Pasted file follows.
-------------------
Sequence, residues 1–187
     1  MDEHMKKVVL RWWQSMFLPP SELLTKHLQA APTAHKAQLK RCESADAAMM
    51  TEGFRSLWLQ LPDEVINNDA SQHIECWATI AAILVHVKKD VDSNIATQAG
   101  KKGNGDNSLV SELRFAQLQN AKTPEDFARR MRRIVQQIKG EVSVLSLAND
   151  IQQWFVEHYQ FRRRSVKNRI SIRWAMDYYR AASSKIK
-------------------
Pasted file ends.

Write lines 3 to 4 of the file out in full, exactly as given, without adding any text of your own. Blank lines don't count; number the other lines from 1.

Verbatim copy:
    51  TEGFRSLWLQ LPDEVINNDA SQHIECWATI AAILVHVKKD VDSNIATQAG
   101  KKGNGDNSLV SELRFAQLQN AKTPEDFARR MRRIVQQIKG EVSVLSLAND